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Sukanya Verma's BEST Hindi Films of 2016

By Sukanya Verma
December 29, 2016 09:48 IST
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Now that the worst is behind us, here's looking at the ones that subverted formula, explored new facets of romantic love, dug deeper into the anger and anxiety behind picture perfect portraits, focused on the courage and accomplishments of extraordinary individuals and condemned the deep-rooted misogyny of our society.

In other words, my 10 favourite Hindi films of 2016 in no particular order:


1. Dangal

'Nitesh Tiwari invests a great deal of time and energy in telling the magnificent real-life tale of the Phogats, meticulously reporting every obstacle and challenge.'

'What evokes sheer awe though is the raw, rough, visceral choreography of the fights, quite a few memorable ones in this 161-minutes long film.'

'From Jo Jeeta Wohi Sikandar to Jo Jeeta Wohi Geeta. And Babita. Now that's what I call a win-win.'

Recap: As much as I enjoyed the sport of it, what struck me most about Nitesh Tiwari's Dangal is its examination of unabashed ambition, a father's debatable methods to ensure his daughters achieve the glory he could not and to reveal he had the foresight to recognise their capability even when they did not.


2. Udta Punjab

'Abhishek Chaubey picks a fine ensemble of stars and character actors to convey this disorderly journey of individuals both directly and indirectly in grip of/or responsible for Punjab’s indiscriminate drug scourge.'

'A gutsy drama that boldly alternates between dreams and nightmares, agony and adventure, loss and epiphany, bleak and ballsy, weakness and willpower.'

'Udta Punjab doesn't spell out the withdrawal syndrome its characters endure or the addiction's all-consuming cravings.'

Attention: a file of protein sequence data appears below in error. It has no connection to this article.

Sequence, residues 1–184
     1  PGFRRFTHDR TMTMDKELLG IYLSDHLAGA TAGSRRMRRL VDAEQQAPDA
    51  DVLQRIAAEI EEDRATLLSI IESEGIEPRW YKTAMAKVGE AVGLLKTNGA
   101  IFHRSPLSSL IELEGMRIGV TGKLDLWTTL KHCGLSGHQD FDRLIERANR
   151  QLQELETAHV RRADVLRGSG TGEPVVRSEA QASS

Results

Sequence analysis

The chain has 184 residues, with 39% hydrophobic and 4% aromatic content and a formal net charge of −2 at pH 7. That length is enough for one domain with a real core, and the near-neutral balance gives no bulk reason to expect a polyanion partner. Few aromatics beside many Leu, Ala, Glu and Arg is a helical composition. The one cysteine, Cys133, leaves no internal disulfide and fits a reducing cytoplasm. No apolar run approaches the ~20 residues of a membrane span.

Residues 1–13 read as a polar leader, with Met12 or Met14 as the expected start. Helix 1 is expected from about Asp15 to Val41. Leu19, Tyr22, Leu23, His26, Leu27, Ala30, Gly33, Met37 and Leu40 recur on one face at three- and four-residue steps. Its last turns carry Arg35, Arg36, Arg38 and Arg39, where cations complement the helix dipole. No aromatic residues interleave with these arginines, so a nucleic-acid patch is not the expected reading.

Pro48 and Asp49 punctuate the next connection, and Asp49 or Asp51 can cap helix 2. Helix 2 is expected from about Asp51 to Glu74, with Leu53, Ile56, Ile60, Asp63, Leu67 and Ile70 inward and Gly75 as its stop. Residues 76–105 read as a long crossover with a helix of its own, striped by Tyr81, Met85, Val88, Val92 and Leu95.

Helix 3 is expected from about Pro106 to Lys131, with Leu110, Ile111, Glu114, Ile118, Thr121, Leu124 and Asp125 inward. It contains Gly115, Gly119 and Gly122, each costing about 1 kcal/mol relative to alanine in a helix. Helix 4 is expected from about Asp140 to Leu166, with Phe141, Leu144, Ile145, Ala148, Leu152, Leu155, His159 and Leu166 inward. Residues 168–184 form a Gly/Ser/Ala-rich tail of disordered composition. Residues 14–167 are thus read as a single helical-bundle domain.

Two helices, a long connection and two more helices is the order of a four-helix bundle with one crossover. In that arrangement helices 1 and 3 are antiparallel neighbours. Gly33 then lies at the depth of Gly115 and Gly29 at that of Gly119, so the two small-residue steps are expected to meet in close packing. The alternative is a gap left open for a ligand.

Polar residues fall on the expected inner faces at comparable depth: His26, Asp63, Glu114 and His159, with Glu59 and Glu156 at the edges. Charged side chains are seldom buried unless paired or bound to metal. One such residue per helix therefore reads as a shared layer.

'It's apparent in the irregularity of their behaviour, which lends the film an unequal texture. This conflict in tone is appealing as it not only conveys a chorus of issues but also plays up its uncertainty.'

Recap: Its powerful commentary and distinctive filmmaking anchored by rock solid performances render Udta Punjab both sassy and significant.

3. Neerja

'What's also impressive is how director Ram Madhvani completely rejects the idea of shooting Neerja like a stylised thriller, unlike most other films of this genre, lending it an organic anxiety based on unrehearsed chaos and deglamourised tension.'

'I wasn't sure she could carry it off, and she proves me wrong. Sonam plays Neerja like she cares and that is all the role needs.'

'Like Sonam, Neerja, the film is respectful to the memory of those who lost their lives and doesn't exploit their tragic end to extract a spectacle.'

Recap: There's always some scepticism over how a heartrending reality will be adapted for screen. Ram Madhvani's Neerja removes it completely it by portraying the sacrifice of its brave hero and her protective impulses with so much heart.

I walked out of the theatre feeling inspired AND inconsolable.


4. Kapoor & Sons

'In Kapoor & Sons, Shakun Batra draws the essence, idiosyncrasies, wit and high-strung spirit of a familiar Punjabi household, but never lets it become the highpoint.'

'It's a remarkably active screenplay; there must have been pages and pages, filled with a constant flurry of breathing, breathless folk -- angry at one another, angry with themselves.'

'On occasions, things get so out of hand, they begin to seem funny. Batra recognises the humour in the hopeless and taps it delightfully for an episode that's best described as The One With The Plumber.'

'The writing, especially the astutely written lines that reveal everything in between, if you can only read, is another thing I liked about Kapoor & Sons.'

Recap: Kapoor & Sons is exquisite in how it recognises the strength of humour within a family consumed by regret and resentment.

It's a complex story to put together, but Batra's discerning screenplay of a sprawling premise pulls and pleases.


5. Aligarh

'Hansal Mehta captures Dr Ramchandra Siras' horror, humiliation and alienation with a brutality that's more internalised than obvious.'

'Aligarh is concerned with the aftermath of a dreadful episode, the scars it leaves on an evasive poet, the stifling confinement of a man ill at ease.'